Problems with hosting baseballEdit
Exhibition Stadium was problematic for hosting baseball. Like most multi-purpose stadiums, the lower boxes were set further back than comparable seats at baseball-only stadiums. This was magnified by the fact that Canadian football fields are 30 yards longer, and considerably wider, than American football fields. Additionally, it was not a true multi-purpose stadium, but a football stadium that could convert into a baseball stadium. Due to the vaguely horseshoe-shape of the stadium after it was expanded for the Blue Jays, many of the seats down the right field line and in right-centre were extremely far from the infield; they actually faced each other rather than the action. In fact, some seats were as far as 820 feet from home plate — the farthest such distance of any stadium ever used as a principal home field in the majors. Over 10,000 seats in centre field and down the right-field line were so far from the playing field (and did not even directly face the baseball diamond) that the Blue Jays did not even offer them for sale during the regular season.
The outfield seats were the only seats that offered protection from the elements. Ironically, they were the cheapest seats.
Problems with the wind and coldEdit
Relatively close to Lake Ontario, the stadium was often quite cold at the beginning and end of the season. The first Blue Jays game played there on April 7, 1977 was the only major league game ever played with the field covered entirely by snow. The Blue Jays had to borrow Maple Leaf Gardens' Zamboni to clear off the field. Conditions at the stadium led to another odd incident that first year. On September 15, Baltimore Orioles manager Earl Weaver pulled his team off the field because he felt the bricks holding down the bullpen tarps were a hazard to his players. This garnered a win by forfeit for the Jays. It remains the last time in major league baseball history — and the only time since 1914 — that a team deliberately forfeited a game (as opposed to having an umpire call a forfeiture due to unruly fan behaviour).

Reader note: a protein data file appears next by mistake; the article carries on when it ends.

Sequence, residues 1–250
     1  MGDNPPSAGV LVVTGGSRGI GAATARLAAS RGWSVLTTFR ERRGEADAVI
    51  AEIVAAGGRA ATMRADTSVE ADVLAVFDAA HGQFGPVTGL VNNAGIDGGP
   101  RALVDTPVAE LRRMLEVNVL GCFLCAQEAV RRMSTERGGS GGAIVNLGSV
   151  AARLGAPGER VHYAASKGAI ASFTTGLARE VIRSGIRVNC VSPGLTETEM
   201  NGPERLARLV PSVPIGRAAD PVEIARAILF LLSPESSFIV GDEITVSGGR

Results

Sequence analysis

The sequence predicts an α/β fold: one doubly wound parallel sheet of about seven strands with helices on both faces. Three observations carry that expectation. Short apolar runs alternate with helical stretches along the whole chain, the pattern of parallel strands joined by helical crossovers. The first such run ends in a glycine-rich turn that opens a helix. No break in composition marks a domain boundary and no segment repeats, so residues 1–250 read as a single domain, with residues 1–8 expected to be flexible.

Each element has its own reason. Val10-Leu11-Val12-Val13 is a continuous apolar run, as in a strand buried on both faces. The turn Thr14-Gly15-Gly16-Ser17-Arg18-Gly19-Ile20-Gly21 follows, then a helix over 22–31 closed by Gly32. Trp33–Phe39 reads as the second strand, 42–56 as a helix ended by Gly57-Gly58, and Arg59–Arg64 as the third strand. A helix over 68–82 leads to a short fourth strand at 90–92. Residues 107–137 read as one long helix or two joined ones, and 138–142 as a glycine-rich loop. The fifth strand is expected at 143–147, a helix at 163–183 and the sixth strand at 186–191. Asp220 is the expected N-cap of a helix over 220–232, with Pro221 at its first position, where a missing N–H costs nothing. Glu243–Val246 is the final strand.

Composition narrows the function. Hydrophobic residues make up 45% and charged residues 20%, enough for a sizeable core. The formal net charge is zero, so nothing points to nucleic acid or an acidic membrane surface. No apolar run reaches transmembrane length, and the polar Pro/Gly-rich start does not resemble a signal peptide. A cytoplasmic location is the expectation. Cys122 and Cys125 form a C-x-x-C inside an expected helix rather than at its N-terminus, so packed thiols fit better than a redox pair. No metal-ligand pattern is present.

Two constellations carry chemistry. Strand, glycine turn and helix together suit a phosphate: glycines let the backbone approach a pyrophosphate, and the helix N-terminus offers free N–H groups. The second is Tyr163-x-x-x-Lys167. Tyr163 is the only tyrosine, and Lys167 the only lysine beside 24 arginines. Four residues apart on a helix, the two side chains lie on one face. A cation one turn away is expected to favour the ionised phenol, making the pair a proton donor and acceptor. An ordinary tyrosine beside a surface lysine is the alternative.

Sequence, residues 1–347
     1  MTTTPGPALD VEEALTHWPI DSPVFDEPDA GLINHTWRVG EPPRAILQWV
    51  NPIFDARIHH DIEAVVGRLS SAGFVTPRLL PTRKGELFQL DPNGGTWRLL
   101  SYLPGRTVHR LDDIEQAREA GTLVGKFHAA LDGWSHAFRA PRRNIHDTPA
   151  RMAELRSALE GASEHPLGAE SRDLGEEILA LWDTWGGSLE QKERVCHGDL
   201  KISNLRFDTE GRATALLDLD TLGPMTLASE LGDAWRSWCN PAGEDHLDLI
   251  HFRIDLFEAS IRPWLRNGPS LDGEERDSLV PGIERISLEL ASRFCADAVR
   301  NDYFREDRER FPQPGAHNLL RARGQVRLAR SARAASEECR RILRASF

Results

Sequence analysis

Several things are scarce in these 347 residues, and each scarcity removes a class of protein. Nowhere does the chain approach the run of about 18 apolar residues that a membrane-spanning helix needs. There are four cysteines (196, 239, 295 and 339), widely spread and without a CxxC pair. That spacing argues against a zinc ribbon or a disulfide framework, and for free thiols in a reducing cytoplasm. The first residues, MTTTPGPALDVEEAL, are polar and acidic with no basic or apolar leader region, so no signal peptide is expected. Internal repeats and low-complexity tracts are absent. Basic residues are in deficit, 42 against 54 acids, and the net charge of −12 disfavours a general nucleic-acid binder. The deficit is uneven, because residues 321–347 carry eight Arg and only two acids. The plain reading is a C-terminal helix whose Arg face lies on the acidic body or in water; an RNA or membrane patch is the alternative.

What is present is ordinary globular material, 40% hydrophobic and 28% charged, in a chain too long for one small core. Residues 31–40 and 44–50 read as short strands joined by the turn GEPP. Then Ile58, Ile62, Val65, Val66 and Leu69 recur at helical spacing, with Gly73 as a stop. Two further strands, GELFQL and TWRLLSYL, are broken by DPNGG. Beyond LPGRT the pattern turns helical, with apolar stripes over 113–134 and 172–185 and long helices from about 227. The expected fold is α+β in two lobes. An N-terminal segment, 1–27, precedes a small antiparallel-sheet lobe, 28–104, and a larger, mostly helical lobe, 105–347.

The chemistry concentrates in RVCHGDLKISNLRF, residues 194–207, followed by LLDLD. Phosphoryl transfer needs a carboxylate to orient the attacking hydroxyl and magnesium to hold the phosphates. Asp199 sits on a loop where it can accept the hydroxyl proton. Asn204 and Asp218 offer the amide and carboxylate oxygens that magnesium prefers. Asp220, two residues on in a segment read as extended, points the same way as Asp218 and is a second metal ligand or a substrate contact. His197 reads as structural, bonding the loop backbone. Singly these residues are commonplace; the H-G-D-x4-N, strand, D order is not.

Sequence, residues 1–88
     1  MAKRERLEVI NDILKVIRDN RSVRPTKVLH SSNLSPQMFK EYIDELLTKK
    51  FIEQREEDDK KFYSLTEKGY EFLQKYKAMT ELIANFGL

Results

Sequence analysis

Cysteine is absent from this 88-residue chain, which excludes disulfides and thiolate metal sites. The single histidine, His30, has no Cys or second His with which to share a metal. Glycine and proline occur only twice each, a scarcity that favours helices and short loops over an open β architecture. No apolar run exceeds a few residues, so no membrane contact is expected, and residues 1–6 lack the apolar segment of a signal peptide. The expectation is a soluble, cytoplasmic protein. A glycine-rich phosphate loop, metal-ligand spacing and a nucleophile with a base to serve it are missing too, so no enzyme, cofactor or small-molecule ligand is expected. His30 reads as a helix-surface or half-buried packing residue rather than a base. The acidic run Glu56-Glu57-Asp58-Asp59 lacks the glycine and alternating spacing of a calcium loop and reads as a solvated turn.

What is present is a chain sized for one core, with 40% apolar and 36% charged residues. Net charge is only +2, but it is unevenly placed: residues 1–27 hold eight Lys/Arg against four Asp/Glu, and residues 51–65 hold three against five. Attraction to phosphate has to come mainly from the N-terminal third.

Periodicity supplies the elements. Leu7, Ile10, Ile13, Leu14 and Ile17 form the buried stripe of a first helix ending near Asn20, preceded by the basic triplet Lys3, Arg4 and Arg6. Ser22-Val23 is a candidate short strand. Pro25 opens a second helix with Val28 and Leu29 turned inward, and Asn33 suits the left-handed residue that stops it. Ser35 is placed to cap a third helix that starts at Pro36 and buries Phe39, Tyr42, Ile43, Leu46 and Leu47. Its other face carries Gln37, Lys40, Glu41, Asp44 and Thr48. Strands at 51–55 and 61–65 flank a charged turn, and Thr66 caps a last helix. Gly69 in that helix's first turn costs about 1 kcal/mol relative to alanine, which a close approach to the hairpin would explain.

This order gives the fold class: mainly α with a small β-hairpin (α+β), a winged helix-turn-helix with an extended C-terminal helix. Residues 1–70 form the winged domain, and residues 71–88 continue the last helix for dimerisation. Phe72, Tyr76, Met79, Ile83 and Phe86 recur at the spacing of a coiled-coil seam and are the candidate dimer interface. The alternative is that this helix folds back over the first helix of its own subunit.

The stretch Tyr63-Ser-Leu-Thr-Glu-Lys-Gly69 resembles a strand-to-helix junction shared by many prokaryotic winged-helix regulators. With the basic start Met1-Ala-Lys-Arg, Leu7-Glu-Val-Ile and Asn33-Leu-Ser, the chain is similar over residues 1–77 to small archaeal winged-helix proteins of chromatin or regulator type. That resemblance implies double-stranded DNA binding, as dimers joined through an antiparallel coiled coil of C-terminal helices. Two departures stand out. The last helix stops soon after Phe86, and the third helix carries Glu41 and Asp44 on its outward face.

An April 30, 1984 game against the Texas Rangers was postponed due to 60 mph winds. Prior to the game, Ranger manager Doug Rader named Jim Bibby as his starting pitcher, stating that "he's the heaviest man in the world, and thus will be unaffected by the wind." However, Bibby would never make it to the mound. Two Rangers batters complained about dirt swirling in their eyes, and Blue Jays starting pitcher Jim Clancy was blown off balance several times. The umpires stopped the game after only six pitches. After a 30-minute delay, the game was called off.